In the Edo period, religious pilgrims who climbed Mt. Tate were served Ashikura Gozen – a special dish served at the nearby Ashikuraji Temple.
Along with Mt. Fuji and Mt. Haku, Mt. Tate is one of Japan’s ‘big three’ mountains, and has been considered a sacred place of pilgrimage for many hundreds of years - flourishing at the start of the 8th century CE and reaching its peak in the 17th century (Edo period).
Today, the Ashikuraji area retains much of its ‘sacred mountain’ past - Ashikura Gozen itself being a perfect example of this.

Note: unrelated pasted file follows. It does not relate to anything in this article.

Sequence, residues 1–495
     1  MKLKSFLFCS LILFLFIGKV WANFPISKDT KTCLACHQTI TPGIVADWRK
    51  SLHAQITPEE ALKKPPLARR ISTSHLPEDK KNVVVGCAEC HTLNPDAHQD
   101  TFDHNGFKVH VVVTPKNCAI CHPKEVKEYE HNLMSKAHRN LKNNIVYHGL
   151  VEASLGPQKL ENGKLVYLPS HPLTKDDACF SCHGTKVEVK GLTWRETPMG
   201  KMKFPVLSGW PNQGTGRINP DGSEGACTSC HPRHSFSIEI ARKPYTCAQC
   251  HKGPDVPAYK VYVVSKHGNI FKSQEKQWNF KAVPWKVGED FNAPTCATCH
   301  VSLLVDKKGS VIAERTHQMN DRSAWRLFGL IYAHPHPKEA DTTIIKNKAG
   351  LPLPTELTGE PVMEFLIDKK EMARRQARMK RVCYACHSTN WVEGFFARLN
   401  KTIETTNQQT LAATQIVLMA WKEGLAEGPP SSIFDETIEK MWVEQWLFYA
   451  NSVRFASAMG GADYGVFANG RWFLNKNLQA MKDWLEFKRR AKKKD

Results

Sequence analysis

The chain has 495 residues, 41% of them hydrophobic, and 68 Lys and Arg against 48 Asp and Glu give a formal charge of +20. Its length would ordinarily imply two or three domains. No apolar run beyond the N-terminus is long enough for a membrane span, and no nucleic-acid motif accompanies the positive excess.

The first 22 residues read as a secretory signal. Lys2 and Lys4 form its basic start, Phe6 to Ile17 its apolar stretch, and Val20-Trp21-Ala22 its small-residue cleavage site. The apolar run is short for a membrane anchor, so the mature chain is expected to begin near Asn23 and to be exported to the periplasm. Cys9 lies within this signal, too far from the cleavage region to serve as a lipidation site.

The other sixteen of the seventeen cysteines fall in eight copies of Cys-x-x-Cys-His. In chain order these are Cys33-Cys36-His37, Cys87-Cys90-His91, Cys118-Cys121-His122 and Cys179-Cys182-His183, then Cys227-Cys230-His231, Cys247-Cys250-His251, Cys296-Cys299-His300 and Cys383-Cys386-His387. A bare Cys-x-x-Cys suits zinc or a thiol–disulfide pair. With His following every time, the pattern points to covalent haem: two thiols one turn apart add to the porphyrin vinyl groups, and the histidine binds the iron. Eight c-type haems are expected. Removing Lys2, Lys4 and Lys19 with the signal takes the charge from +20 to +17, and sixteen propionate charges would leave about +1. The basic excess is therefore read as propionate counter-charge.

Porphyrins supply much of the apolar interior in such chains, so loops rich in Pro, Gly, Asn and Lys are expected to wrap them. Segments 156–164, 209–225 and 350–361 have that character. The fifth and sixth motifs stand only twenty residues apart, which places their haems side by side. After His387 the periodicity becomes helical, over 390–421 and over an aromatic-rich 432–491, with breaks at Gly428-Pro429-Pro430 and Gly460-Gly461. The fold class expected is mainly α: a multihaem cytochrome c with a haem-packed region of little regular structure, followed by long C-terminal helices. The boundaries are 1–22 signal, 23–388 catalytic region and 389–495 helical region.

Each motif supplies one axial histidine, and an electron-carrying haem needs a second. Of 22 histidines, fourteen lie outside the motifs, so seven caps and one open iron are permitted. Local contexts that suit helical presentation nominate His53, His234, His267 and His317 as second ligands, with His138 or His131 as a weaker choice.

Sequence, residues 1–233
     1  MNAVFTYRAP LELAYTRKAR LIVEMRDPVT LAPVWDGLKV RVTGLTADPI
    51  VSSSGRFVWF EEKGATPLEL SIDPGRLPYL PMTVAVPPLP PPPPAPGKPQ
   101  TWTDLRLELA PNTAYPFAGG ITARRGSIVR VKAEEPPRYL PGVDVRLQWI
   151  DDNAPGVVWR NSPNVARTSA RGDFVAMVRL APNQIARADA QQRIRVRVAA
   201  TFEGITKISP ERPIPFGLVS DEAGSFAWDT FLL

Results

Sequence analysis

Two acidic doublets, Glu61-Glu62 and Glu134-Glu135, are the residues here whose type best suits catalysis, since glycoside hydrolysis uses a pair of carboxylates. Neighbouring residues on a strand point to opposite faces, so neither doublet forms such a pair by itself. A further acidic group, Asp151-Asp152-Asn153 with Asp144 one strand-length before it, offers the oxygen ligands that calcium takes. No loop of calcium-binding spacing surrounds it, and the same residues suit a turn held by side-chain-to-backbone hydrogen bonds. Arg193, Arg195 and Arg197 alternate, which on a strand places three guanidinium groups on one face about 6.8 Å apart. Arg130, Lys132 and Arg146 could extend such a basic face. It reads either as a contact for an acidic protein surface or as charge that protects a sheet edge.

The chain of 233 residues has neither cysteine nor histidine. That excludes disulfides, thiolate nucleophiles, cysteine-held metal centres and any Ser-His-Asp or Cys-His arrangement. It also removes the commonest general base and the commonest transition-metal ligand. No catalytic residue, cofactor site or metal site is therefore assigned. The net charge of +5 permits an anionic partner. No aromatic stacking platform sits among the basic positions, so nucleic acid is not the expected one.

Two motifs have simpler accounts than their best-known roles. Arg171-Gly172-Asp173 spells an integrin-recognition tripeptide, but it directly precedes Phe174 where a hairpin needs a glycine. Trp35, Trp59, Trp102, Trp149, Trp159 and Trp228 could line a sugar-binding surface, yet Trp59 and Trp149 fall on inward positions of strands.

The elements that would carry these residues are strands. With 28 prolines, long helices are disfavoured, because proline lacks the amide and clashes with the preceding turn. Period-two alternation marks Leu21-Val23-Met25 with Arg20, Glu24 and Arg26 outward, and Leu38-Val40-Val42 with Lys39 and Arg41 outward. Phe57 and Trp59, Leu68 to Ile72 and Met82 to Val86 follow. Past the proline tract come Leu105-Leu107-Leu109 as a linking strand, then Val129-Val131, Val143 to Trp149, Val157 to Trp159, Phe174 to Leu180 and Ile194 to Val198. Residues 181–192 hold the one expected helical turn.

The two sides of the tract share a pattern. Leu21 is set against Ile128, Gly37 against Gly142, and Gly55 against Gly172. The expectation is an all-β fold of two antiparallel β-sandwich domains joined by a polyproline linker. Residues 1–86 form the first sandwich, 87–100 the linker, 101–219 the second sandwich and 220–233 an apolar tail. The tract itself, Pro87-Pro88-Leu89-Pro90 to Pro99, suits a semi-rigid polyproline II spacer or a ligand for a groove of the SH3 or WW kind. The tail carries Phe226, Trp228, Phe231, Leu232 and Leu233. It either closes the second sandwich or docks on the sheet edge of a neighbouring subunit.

The sacred dish can be still be enjoyed by visitors to the Ashikura Furusato Kouryukan hall, where to this day it is freshly and lovingly cooked by locals themselves.
＜Ashikura Gozen＞ ※ Advance reservations are required
Where: Ashikura Furusato Kouryukan Toyama-ken, Nakashinagawa-gun, Tateyama-cho, Ashikuraji Temple 55-1
Open: Fridays, weekends & national holidays 10：00～16：00 (free entry, closed from December to March)